We all know that the venerable Toyota Prius is the most well-known of all hybrids on the market today, both in terms of numbers made and its impressive gas mileage. 

But if you’re in the market for a used hybrid you might be surprised to know that a used 2006-2010 Honda Civic Hybrid might be actually better for your family’s health than its more popular rival, the 2004-2009 Toyota Prius 

And here’s why.

It isn’t just about gas mileage

Logic dictates that a car with a high gas-mileage  physically consumes less gasoline per mile driven than a car with a low gas-mileage, right? 

On paper, it makes perfect sense. Less energy in equals less waste -- but what gas mileage figures can’t tell you is how much of the gasoline which goes into the engine comes out of the tailpipe as harmful gasses.  

CO2 is important...

Lately, we’ve become rightly preoccupied with the carbon dioxide emissions of a car.  

After all, increasingly large concentrations of carbon dioxide in the earth’s atmosphere is cited as the number one reason for increased global temperatures -- otherwise known as global warming. 

And for the average U.S. home, the number one source of CO2 emissions outside of air travel and public transportation is the automobile. 

...but it isn’t the only tailpipe gas

Los Angeles Smog

Los Angeles Smog

Carbon dioxide may be slowly turning our planet warmer, but when it comes to human health far more harmful gasses exit a car’s tailpipe.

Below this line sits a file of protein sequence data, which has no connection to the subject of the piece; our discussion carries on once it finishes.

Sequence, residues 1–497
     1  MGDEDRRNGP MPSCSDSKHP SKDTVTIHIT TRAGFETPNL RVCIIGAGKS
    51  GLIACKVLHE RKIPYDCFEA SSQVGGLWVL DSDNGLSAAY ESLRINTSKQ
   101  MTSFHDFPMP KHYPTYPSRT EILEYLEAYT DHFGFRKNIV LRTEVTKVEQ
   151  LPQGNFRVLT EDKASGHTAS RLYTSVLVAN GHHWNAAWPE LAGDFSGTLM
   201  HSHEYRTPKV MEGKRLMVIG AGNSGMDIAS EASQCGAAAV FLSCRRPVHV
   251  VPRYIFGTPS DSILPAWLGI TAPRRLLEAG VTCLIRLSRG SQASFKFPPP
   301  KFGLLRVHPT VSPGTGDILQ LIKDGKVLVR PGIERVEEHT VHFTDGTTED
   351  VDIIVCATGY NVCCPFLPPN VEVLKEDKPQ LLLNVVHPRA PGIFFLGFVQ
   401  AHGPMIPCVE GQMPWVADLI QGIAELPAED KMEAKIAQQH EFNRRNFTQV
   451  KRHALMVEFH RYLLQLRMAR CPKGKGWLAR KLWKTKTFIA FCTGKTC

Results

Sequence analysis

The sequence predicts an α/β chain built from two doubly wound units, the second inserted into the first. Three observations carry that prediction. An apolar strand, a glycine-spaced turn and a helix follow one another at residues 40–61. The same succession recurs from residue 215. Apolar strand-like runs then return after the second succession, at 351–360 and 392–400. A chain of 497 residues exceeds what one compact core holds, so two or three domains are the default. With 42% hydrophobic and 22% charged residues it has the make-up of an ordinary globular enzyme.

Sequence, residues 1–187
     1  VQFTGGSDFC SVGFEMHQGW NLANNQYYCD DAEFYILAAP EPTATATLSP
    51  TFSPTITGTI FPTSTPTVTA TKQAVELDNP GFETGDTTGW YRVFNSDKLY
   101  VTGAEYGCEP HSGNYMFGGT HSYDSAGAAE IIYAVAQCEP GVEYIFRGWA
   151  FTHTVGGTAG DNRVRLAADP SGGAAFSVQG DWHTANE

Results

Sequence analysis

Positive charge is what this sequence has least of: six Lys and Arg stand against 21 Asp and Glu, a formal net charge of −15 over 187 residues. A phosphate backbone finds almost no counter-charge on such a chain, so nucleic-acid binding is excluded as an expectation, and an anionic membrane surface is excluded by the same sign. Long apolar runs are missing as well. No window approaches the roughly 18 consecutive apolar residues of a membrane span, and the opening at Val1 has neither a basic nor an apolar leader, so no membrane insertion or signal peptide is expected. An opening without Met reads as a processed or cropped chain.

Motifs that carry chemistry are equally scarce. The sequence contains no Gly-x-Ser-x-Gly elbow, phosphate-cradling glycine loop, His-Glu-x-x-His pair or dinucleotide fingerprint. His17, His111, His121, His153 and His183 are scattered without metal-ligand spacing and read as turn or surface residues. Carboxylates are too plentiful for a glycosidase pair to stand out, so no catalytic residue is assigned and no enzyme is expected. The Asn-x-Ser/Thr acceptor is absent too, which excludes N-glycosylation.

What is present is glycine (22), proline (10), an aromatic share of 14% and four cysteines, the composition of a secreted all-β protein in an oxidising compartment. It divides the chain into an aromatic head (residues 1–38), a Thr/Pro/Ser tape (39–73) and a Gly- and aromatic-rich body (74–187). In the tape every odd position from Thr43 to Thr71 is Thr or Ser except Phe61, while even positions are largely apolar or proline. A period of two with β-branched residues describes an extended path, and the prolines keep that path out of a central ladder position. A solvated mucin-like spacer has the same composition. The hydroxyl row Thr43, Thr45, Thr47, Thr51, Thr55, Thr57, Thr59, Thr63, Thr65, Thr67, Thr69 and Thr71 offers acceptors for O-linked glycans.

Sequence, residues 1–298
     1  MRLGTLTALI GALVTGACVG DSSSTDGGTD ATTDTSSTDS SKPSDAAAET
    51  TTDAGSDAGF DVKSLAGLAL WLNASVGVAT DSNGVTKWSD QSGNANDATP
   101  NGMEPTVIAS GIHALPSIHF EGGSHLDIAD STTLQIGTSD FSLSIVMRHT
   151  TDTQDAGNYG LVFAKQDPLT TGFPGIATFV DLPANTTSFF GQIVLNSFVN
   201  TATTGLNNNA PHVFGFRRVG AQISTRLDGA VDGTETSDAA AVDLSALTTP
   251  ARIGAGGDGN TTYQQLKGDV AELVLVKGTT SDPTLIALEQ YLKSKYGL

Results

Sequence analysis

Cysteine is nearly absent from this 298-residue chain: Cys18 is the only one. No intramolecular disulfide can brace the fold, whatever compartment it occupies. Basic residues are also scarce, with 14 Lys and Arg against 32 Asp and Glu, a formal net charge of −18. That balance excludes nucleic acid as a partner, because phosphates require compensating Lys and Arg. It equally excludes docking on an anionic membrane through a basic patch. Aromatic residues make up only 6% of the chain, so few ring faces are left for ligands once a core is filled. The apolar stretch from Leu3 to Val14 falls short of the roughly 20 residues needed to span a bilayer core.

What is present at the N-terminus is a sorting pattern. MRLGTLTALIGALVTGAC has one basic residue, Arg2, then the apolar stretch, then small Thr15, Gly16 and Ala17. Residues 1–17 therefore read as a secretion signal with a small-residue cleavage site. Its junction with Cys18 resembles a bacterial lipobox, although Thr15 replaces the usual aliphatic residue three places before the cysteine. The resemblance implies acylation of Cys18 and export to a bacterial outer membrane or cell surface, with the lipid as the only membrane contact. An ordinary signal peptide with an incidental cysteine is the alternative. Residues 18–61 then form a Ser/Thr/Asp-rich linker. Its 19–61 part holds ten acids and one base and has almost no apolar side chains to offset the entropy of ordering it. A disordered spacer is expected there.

Among them are sulfur oxides (SOx), nitrogen oxides (NOx), carbon monoxide (CO) and particulates, all of which contribute directly to respiratory problems in densely-populated urban areas. 

As for smog, the well-known haze you see over a large city on a warm day? That’s caused by the above exhaust gases and particles interacting with ultra-violet light to produce harmful secondary pollutants. 

Better air quality despite lower fuel economy

According to the Environmental Protection Agency, the 2008 Honda Civic Hybrid produces more CO2 but less combined air pollution than the 2008 Toyota Prius.

In other words, if you’re looking for a car that will help your neighborhood’s air pollution improve, you may be better off buying a 2008 Honda Civic Hybrid. 

Of course, this is all relative. Both cars offer extremely good fuel economy and low emissions when compared to mainstream gasoline cars -- but the only way to truly improve your local air quality is to either drive less, use public transport, or use a form of transport that produces little or no air pollution.

But given the fact that the Civic Hybrid is often lower priced on the used market than a comparable Prius, a used Civic Hybrid should certainly be on your list of cars to try if you want to buy a used hybrid.  

Check out our reviews of both the 2008 Honda Civic Hybrid and 2008 Toyota Prius over at our sister site The Car Connection.


Follow GreenCarReports on Facebook and Twitter.